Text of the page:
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NYSE tests systems ahead of Twitter IPO

Warwick Ashford

The New York Stock Exchange (NYSE) says a weekend test run of Twitter's initial public offering was successful.

The NYSE conducted its first trial IPO to avoid problems that beset Facebook’s IPO in May 2012, with Twitter to be the biggest tech company to go public since Facebook.

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On the first day of trading in Facebook’s shares, the Nasdaq was overwhelmed because of glitches in the system, which meant traders had to wait hours and even days to get confirmation of their trades.

The US Security and Exchange Commission subsequently fined the Nasdaq $10m for the failures.

Keen to avoid similar problems, NYSE traders simulated buying and selling shares on the exchange on Saturday, to identify any potential technical hitches before Twitter begins selling shares in November.

In a statement, the NYSE said: "We're being very methodical in our planning for Twitter's IPO, and are working with the industry to ensure a world-class experience for Twitter, retail investors and all market participants."

Twitter has set a range of $17 to $20 for shares in its IPO, valuing the microblogging firm at $11bn.

After years of speculation, Twitter finally announced it had applied for an IPO in September.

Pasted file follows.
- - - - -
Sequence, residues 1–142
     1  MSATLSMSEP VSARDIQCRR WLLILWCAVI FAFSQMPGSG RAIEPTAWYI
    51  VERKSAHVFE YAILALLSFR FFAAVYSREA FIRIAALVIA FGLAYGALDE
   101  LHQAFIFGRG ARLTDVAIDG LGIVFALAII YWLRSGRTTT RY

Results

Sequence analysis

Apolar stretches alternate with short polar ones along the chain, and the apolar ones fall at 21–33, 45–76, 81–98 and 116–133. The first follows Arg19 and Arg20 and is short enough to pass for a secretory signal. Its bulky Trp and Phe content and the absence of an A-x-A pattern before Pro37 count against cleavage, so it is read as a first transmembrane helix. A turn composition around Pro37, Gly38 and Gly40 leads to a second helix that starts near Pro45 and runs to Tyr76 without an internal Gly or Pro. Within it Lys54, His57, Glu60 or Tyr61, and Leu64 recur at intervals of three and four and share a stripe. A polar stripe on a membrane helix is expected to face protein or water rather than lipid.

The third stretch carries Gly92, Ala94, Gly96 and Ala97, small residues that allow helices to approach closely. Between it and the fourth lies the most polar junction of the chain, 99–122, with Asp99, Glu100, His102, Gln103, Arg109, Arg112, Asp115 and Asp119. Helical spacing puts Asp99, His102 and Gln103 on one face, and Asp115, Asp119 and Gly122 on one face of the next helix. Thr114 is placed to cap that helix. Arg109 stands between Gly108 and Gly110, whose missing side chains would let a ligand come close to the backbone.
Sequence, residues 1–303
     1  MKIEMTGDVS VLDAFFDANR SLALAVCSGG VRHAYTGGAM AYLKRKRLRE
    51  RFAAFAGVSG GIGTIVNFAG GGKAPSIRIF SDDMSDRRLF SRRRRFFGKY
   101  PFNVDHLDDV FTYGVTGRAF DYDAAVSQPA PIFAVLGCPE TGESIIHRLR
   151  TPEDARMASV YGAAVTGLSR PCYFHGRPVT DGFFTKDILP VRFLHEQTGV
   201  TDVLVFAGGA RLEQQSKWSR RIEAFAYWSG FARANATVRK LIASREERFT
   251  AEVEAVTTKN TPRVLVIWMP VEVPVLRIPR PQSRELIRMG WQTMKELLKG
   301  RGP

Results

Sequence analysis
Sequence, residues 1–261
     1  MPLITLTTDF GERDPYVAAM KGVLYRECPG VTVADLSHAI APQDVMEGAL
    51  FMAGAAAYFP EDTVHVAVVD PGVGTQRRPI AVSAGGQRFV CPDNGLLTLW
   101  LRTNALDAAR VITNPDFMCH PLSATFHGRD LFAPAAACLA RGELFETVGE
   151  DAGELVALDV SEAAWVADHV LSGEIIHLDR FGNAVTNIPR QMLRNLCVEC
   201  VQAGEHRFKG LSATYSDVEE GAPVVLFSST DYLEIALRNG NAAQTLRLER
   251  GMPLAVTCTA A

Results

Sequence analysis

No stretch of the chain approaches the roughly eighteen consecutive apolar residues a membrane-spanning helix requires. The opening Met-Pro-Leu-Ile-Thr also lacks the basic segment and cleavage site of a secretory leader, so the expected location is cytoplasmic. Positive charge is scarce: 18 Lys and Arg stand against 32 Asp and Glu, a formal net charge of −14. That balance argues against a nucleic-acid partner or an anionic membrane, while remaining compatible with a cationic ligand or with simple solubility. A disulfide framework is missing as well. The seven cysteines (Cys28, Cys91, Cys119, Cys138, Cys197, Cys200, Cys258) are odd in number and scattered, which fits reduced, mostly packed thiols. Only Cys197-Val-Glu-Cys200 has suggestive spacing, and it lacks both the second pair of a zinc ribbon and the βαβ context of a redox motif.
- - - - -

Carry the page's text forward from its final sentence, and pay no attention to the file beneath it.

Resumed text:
The sale of 70 million shares, around 13% of the company, appears to be set for 6 November and is expected to raise between $1.4bn and $1.6bn.

Like the NYSE, Twitter is also keen to learn from the mistakes made with Facebook’s IPO.

Analysts said the valuation, which was less than forecasted, indicated the firm wanted to avoid the dip in prices that followed Facebook's IPO.

Facebook's shares were priced initially at $38. After rising to $45, they subsequently fell $19.82 before climbing back to floatation levels in August to trade above the listing price by October.

Twitter has seen a steady growth since its launch seven years ago, but has yet to show a profit and establish a solid business model.

The microblogging service has 218 million monthly users, but the firm made a loss of $69m in the first six months of 2013 despite revenues of $254m, mostly from advertising.

Analysts said the lower-than-expected pricing may help Twitter’s share prices initially, but investors will need to see profits in the longer term.

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